Shadow (why did he fall off?)

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  • HarveyCanalHarveyCanal "a distraction from my main thesis." 13,234 Posts
    ako said:
    HarveyCanal said:
    Donuts > Endtroducing.

    complexity wise...no chance.

    but i definitely LISTEN to donuts a hell of a lot more than endtroducing...

    Well, exactly...listening pleasure is the key.

    But the point of bringing up Donuts was to counter all the people propping Shadow with this false idea that the days of the instrumental hip-hop album passed circa 1996.

    I mean, the spawn of Shadow aka the likes of Prefuse73 and RJD2 practically did kill the instrumental hip-hop album with their extended studies in boring.

    But come with a fresh approach like Dilla did via Donuts and poof, it's right back on.

    Eventually post-Endtroducing, Shadow did what he should have done, which was attempt to connect himself to the core rap audience that inspired him from jump. But frankly his hyphy experiments sounded far too sanitized to be taken as real.

    So yes, it's a hard pill to swallow that someone as theoretically inferior as say Scott Storch can better do what Shadow can "on the block"...but evidently, such is the case.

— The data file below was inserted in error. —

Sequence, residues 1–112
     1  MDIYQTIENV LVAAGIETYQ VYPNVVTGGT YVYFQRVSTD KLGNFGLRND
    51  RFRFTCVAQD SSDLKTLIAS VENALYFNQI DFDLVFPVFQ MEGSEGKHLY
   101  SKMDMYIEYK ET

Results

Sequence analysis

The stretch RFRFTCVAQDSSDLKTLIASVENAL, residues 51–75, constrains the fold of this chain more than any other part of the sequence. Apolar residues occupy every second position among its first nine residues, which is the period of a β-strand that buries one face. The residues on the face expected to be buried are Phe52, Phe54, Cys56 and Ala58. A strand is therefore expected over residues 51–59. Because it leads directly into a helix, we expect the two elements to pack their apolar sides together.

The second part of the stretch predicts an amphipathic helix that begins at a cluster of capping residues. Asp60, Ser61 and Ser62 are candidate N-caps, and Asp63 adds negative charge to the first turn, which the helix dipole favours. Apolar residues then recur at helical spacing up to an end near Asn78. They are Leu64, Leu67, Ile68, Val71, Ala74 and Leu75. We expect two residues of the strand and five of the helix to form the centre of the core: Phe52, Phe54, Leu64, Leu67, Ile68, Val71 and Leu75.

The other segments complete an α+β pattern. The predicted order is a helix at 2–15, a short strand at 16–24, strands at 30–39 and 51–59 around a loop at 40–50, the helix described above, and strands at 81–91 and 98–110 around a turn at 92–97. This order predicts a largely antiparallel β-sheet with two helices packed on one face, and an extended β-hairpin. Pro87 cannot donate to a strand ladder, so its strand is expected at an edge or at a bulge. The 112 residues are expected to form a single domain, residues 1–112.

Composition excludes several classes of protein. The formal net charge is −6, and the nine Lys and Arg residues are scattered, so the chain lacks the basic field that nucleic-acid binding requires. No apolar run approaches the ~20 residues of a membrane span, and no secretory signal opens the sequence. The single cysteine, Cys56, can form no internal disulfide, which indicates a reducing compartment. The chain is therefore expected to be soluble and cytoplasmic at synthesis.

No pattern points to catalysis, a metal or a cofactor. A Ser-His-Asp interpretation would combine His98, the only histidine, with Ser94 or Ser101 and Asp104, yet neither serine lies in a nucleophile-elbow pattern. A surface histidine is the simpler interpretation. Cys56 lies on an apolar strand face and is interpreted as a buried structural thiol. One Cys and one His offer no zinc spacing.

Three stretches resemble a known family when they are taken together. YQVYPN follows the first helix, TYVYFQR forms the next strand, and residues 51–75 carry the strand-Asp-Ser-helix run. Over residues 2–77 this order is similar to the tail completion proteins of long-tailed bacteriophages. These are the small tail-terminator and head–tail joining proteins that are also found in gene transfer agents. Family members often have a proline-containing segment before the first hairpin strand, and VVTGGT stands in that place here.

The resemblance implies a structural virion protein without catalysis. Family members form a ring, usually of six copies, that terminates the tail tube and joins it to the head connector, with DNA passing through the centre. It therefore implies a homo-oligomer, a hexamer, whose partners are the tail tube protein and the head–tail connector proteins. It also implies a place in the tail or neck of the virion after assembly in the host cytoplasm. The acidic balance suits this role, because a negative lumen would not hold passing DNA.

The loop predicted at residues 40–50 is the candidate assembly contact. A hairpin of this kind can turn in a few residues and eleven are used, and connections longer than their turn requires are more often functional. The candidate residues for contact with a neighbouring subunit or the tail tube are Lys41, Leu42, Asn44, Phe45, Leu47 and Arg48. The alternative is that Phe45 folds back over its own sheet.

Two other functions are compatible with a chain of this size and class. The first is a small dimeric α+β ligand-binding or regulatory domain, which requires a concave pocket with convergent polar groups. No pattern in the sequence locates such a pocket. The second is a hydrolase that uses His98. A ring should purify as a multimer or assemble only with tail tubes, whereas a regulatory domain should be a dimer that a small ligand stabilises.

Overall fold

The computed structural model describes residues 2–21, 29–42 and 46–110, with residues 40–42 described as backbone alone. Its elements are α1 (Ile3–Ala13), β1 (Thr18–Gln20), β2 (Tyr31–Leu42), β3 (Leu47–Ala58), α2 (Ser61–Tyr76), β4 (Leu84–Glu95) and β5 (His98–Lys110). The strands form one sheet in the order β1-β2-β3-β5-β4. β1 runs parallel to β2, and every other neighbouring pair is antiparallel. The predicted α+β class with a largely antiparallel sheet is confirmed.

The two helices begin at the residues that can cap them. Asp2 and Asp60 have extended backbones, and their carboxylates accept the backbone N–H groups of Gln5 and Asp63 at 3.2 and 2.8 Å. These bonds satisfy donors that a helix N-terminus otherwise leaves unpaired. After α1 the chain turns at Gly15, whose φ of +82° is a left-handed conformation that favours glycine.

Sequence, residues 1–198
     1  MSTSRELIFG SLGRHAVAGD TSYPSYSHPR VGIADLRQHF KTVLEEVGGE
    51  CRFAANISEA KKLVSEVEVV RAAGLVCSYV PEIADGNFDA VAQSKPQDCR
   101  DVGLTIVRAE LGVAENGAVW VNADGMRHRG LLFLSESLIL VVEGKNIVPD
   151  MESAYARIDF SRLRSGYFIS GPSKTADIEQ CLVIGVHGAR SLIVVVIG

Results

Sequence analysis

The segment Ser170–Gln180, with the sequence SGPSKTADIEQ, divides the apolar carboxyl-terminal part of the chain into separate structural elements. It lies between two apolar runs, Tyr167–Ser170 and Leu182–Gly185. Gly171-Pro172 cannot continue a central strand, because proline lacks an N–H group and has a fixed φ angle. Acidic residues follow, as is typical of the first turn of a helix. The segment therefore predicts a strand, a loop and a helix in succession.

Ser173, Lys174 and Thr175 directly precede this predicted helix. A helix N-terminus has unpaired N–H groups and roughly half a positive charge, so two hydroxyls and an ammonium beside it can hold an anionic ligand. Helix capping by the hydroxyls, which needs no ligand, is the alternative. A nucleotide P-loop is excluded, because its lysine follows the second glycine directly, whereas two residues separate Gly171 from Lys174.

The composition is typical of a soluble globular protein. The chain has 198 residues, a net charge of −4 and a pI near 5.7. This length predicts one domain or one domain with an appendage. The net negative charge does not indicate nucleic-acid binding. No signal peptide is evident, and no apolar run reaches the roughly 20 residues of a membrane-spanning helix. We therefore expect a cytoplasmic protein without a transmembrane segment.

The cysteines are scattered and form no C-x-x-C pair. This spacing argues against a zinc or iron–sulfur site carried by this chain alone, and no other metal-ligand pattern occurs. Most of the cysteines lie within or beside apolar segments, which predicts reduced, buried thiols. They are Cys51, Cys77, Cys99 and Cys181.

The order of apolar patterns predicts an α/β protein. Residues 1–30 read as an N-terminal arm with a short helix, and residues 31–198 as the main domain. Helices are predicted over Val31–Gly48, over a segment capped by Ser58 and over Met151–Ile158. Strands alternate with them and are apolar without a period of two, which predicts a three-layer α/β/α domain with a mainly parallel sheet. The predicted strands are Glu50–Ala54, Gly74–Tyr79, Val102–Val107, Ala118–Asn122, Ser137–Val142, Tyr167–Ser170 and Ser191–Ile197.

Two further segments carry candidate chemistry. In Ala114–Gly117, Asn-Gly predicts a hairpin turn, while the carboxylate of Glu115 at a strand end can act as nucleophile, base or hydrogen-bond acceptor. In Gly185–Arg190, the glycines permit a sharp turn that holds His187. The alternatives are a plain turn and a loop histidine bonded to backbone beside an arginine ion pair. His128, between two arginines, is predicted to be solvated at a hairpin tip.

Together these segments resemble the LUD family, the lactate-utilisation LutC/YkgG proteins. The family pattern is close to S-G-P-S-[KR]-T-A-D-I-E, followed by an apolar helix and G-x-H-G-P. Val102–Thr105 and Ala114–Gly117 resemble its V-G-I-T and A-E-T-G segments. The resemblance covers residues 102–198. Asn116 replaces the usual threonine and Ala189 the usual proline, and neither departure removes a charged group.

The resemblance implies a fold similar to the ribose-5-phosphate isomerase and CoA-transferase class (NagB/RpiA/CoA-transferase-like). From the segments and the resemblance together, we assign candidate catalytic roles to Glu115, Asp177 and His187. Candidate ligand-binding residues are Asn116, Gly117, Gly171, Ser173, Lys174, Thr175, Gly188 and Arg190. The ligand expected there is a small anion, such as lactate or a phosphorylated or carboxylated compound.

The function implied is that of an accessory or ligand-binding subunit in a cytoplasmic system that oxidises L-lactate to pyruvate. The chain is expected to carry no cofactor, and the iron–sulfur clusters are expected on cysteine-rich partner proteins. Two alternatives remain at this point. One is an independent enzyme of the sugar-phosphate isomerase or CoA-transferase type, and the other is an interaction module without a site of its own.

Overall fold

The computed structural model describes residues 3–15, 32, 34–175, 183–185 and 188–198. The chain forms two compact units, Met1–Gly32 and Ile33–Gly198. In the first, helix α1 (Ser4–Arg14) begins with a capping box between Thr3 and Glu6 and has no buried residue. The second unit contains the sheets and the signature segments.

Josh could certainly reclaim his throne as king of the side circus, but his glory days are long over.

  • DJ_EnkiDJ_Enki 6,471 Posts
    HarveyCanal said:
    extended studies in boring.

    So, so good

  • akoako 3,409 Posts
    HarveyCanal said:
    I mean, the spawn of Shadow aka the likes of Prefuse73 and RJD2 practically did kill the instrumental hip-hop album with their extended studies in boring.

    But come with a fresh approach like Dilla did via Donuts and poof, it's right back on.

    deadringer was totally solid. the rest, ehhhh. never dug any of the prefuse stuff and since we last spoke had like 2 moments.

    good call bringing up donuts.

  • BallzDeepBallzDeep 611 Posts
    I love his mixes:
    Diminishing Returns 1 & 2
    Funky Skunk
    PP and BF...

    all great... wish he'd do more similar shit.

  • Semi-related. My partner put together a few images as part of a Magnum workshop and related photography exhibition in Western Australia a couple of weeks ago. We hung out with the homeless for a week and the video below is a snippet of the result. She insisted on using Shadow's MIAPW for the short exhibit.

    Invisible from Samantha Harding-Farrenberg on Vimeo.


  • JuniorJunior 4,853 Posts
    DJ_Enki said:
    HarveyCanal said:
    extended studies in boring.

    So, so good

    I would just like to cosign Harvey's work in this thread as being of an excellent standard.

  • I don't dislike the new album at all (apart from border crossing) its just not coherent as an LP . It should have been 2 different albums, one rock / folk / weird LP and one more classic shadow style LP. The packaging could be more coherent if the sound was, the aesthetic is off. Someone did not do their job and say no.

    I'm giving it more time, it must be good if so many people hate it.